Assaulting weapons

The Violence Policy Center is rightly seen as an organization that is dedicated to removing gun rights from Americans.  The VPC has been going after what they’ve convinced a lot of people to call assault weapons at least since 1988.  And now, the group is calling once again for a ban on these firearms that to them are particularly wicked.

We may benefit here from being reminded about the origin of the phrase, assault rifle.  As students of firearms history know, this class of weapons was given its name by Adolf Hitler when he encountered the MG 44.  He loved calling all manner of things and groups assault this or assault that, and the particular carbine here, renamed the StG44—the Sturmgewehr (Storm rifle) of year 1944—was an intelligent design in response to the close-quarters fighting against massed troops on the Eastern Front.

This business illustrates how machines themselves have no moral qualities, while the uses to which their put certainly do.  An assault rifle—a carbine with a detachable box magazine, firing an intermediate cartridge, with fully automatic capability—is a machine.  It performs the function of firing rounds in a specific way.  How such a device is used is what gives it meaning.  If we’re in a just war, under attack—dare I say assault—by enemies dedicated to destroying us, shoveling a lot of lead down range is a good thing to do.

And before my opponents tell me that the only appropriate use for assault rifles is in war, I offer the feral pigs that live in my part of the world.  As popular as the Razorbacks are as a football team, as a species, they are invasive and damaging. Intermediate-cartridge, full auto carbines with magazines that can be switched out quickly sound like a perfect tool for protecting the environment.

Then there’s the joy of shooting two-liter soda bottles, as Hickok45 shows in his many videos.  And experts on self-defense can discuss the uses of the class of weapon here in protecting the home.

All right, but is there any benefit to be had by restricting the access to assault rifles—whether the genuine article or a semiautomatic rifle that doesn’t meet the definition—from ordinary people?  We had a ban on what the VPC labels “assault weapons” from 1994 to 2004.  That law dragged in a whole lot of things that shouldn’t be included, but was the law itself of any value?  ProPublica doesn’t find any evidence that the Assault Weapons Ban saved any lives.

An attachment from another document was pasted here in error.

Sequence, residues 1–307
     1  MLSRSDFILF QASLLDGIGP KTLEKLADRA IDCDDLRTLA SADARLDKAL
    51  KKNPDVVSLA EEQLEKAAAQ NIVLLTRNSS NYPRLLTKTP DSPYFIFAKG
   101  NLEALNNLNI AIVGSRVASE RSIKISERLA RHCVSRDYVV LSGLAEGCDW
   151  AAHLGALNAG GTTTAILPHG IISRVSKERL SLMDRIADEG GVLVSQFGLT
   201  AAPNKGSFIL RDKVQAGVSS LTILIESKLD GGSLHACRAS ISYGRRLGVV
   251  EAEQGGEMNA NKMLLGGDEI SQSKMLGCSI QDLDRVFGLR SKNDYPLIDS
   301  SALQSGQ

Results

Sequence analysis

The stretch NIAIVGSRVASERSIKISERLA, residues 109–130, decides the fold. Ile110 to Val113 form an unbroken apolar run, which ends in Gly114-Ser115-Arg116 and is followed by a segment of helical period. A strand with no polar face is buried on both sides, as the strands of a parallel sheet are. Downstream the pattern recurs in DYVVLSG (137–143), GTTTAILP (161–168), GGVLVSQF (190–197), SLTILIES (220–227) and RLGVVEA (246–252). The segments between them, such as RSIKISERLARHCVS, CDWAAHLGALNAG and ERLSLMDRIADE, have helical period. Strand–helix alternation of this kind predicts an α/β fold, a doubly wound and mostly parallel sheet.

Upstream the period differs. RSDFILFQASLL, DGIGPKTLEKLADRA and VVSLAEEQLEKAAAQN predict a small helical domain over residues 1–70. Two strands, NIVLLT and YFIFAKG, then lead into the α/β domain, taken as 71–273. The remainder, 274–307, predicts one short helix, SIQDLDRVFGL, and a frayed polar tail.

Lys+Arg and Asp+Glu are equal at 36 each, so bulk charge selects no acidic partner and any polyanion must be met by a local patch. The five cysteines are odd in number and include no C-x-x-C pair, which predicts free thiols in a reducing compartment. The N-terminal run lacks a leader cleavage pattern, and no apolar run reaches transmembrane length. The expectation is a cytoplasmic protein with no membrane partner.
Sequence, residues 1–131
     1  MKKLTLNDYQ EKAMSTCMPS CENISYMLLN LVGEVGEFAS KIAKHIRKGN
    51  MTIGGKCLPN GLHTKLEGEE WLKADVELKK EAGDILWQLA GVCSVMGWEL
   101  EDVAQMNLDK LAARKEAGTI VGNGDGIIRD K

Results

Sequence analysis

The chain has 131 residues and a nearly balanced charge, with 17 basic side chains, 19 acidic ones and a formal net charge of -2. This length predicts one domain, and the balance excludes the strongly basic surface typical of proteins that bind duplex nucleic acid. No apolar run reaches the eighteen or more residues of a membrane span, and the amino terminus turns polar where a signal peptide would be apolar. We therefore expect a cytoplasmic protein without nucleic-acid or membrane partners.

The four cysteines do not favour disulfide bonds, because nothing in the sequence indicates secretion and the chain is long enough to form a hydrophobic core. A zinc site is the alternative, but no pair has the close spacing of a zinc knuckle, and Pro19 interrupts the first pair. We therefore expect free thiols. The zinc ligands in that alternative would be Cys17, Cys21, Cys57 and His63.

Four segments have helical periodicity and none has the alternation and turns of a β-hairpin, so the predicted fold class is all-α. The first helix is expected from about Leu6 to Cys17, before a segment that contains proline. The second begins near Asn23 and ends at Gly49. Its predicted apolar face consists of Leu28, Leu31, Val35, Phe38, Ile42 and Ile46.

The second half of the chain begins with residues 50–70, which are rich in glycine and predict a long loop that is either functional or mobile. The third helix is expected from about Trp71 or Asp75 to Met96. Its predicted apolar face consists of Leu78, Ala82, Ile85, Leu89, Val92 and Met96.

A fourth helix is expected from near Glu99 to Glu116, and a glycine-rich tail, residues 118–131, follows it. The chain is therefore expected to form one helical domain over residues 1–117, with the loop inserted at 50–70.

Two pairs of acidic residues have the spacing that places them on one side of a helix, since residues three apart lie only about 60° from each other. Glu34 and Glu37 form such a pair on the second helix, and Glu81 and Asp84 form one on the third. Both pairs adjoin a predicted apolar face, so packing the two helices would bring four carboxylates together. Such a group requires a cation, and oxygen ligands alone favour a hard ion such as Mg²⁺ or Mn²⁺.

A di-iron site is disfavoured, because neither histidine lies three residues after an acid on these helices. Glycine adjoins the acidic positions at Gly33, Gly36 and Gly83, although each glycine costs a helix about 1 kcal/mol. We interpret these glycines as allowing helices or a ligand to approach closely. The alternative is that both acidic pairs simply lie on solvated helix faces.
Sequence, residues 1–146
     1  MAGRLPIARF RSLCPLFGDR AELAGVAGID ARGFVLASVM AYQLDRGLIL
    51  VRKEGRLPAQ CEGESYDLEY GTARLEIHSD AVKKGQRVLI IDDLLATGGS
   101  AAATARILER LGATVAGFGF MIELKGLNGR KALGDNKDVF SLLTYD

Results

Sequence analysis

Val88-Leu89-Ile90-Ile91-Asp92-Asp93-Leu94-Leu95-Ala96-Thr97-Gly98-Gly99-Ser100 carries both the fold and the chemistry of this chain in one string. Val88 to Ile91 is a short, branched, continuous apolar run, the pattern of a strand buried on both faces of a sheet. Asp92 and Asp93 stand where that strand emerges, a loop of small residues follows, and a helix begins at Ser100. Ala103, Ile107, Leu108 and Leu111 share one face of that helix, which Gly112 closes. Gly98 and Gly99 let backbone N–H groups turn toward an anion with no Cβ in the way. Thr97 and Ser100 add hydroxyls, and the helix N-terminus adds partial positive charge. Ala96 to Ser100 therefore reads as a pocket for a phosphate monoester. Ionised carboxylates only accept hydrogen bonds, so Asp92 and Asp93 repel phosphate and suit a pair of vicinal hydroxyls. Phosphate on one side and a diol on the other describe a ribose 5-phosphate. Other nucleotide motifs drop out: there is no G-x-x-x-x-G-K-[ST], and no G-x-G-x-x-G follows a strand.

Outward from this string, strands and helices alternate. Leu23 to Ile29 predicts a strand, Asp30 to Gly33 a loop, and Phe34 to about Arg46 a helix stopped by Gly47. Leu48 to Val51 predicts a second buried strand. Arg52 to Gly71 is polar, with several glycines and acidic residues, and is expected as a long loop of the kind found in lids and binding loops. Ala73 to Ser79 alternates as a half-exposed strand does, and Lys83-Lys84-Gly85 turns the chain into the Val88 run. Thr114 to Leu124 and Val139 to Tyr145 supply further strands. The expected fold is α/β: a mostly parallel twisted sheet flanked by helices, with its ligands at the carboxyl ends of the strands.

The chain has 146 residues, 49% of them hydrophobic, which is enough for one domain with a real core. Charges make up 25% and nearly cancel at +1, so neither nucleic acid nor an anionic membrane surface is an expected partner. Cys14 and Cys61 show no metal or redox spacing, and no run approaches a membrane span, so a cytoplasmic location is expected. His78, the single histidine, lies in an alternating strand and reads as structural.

But we’re supposed to believe that gun control, including an assault weapons ban, is about saving lives.  Gun control advocates aren’t coming for our guns, we’re told again and again.  At least not all of our guns.  They only want the really nasty ones.

Speaking in rational terms, though, if the ban that was imposed for a decade didn’t save lives, and if, as we saw in the terrorist attacks on Paris, we can’t actually keep out the kinds of guns listed in any such ban that would be proposed again, what good is it?  The conclusion I have to come to is that the goal is to ban more and more classes of firearms until so few are left legally available that few will see any point to owning them in the first place.

And it’s our job to make sure we never come to that situation.

The views and opinions expressed in this post are those of the author’s and do not necessarily reflect the position of

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